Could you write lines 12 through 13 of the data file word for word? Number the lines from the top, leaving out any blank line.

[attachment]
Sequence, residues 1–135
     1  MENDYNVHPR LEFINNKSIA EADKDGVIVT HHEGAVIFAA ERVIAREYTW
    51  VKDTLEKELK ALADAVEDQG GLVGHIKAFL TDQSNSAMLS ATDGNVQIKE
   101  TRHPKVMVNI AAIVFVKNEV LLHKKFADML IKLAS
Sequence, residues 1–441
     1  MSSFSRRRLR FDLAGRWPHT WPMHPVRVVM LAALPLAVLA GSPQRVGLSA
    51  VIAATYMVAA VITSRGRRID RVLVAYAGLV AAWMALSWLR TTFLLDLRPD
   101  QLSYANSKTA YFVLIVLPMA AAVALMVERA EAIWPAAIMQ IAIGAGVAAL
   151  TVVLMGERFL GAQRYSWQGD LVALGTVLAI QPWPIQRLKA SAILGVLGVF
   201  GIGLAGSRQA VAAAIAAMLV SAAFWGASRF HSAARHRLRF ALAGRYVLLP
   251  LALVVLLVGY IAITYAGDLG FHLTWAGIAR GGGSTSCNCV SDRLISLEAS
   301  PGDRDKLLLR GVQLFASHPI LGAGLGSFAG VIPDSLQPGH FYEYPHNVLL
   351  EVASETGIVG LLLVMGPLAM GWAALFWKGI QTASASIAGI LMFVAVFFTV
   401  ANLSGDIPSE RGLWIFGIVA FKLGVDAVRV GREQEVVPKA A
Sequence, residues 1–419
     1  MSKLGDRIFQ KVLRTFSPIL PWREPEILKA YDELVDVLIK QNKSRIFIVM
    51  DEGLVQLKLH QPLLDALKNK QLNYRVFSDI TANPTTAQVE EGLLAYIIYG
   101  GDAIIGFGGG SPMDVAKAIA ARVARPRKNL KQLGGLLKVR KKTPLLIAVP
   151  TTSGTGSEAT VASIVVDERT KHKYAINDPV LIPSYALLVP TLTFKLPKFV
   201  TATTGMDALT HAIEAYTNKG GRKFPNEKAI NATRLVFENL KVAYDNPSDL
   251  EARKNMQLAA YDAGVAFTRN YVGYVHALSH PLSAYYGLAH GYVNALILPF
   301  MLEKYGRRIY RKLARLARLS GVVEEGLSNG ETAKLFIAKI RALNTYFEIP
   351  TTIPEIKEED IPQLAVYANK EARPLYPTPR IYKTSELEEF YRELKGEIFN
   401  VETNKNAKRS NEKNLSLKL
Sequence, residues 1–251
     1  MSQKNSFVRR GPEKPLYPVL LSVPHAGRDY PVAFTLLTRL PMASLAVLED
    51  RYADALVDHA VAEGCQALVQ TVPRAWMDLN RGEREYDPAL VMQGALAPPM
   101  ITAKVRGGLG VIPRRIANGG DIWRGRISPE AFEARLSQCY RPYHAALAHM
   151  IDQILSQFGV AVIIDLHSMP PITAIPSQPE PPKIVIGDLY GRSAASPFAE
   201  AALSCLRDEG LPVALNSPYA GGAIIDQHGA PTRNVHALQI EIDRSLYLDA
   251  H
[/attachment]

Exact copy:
   301  PGDRDKLLLR GVQLFASHPI LGAGLGSFAG VIPDSLQPGH FYEYPHNVLL
   351  EVASETGIVG LLLVMGPLAM GWAALFWKGI QTASASIAGI LMFVAVFFTV